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Hindsighting: Sad To Be Right, Happy To Be Wrong

Boston Red Sox v Oakland Athletics
“Aussie what you did there.”
Photo by Ezra Shaw/Getty Images

“Hindsighting” may not be a word, but if Oscar Wilde can introduce the world to the notion of “Bunburying” and then a century later Rafael Casal and Daveed Diggs can bring “Blindspotting” to popular culture, I would like to think I can get away with gerundifying a noun. That’s right: I invented the word “gerundifying” to justify inventing the word “hindsighting,” none of which really provides analysis of the A’s off-season moves. So let’s get to that, shall we?

The concept of “happy to be wrong” was invented in 2015 when scores of A’s fans, myself included, watched in horror as Marcus Semien played shortstop (or should I say, shortstop played him) and we all turned to our dogs, cats, and empty rooms, timidly, to ask “They’re not going to keep playing him there, right?”

Fast forward to 2019 and it’s truly phenomenal to watch Semien and try to remember what 2015 looked like. Not only has Semien made all of one error in 52 games, not only does Fangraphs have his DRS at +6 and his UZR/150 at +18.7, Semien is more than passing the eye test, looking fluid, taking the best angles to field and throw, displaying soft hands (which I think the Pointer Sisters quite like) and a strong — and accurate — arm.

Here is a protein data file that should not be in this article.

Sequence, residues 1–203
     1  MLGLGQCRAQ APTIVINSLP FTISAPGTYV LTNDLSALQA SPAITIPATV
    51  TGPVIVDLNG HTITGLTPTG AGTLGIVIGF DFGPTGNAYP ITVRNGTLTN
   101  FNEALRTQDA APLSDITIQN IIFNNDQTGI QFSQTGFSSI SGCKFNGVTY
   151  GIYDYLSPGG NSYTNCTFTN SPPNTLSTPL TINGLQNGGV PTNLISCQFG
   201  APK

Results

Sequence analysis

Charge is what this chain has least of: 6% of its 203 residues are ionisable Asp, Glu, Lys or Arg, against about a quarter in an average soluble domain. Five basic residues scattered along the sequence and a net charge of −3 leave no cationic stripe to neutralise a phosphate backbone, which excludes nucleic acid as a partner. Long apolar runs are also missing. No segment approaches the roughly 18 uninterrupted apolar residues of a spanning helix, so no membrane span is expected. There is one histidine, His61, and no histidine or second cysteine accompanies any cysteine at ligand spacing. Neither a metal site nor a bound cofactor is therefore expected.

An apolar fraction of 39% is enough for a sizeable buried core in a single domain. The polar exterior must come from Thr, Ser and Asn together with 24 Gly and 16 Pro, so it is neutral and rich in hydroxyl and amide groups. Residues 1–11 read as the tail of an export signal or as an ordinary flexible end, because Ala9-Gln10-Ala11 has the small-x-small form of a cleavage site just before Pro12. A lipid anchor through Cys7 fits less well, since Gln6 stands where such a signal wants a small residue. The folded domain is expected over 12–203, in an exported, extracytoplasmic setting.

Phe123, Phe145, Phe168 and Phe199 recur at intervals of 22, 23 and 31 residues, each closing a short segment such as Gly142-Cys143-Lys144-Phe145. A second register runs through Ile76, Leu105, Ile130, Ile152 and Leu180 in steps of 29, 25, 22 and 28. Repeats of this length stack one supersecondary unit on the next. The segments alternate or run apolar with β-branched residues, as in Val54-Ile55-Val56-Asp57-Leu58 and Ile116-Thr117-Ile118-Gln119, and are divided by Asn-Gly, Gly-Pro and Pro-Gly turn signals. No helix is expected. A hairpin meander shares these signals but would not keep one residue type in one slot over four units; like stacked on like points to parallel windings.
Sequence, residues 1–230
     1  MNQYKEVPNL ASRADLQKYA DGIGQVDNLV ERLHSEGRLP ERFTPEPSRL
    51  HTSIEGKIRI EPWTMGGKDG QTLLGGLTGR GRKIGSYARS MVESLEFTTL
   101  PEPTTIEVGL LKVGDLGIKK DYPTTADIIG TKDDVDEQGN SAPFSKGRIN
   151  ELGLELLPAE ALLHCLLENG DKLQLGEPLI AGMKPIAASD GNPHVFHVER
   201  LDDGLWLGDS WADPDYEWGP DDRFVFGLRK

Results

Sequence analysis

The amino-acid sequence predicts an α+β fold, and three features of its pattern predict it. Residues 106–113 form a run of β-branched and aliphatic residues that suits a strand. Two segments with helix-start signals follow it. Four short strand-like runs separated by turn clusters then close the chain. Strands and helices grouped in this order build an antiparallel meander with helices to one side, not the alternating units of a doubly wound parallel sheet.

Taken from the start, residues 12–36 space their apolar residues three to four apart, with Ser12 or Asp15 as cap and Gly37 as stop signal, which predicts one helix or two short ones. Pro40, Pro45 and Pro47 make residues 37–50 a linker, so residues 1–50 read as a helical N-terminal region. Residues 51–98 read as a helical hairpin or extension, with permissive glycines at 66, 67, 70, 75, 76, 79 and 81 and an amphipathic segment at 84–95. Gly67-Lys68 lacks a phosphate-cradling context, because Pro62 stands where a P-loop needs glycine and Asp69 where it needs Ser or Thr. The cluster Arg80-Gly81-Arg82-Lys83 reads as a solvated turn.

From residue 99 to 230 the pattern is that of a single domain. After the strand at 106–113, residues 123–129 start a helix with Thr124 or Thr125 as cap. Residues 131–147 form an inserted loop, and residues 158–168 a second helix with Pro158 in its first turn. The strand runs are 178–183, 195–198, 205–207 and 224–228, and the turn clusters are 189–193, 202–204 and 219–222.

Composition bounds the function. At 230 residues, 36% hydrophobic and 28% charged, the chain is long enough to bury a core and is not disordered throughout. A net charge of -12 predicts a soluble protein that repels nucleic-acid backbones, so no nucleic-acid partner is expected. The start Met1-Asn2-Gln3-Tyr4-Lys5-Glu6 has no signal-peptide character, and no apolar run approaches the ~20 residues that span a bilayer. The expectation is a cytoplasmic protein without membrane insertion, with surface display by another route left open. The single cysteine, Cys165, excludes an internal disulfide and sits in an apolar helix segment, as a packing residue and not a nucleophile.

Never has being wrong felt so right, and as we look back to some recent moves the A’s made that made me go “Hrrrmmm” — or even give it the full Dennis Eckersley “Yuck” — some have vindicated the “Hrrrmmm/Yuck” reaction while others have made me look blissfully silly, and I couldn’t be more pleased...

Liam Hendriks

Hendriks is on a great run that has reached 10 straight scoreless appearances. Over those 12.2 IP, Hendriks has allowed 8 hits, walking 3 and striking out 13, leaving his season ERA at a puny 1.30.

I would have non-tendered him, just because I don’t believe he is a strong high-leverage choice and usually you can find a reliever, for league minimum, who can provide decent innings in medium or low leverage. But the A’s certainly do not have a reliever hanging out at AAA who could reasonably be expected to approximate what Hendriks has done.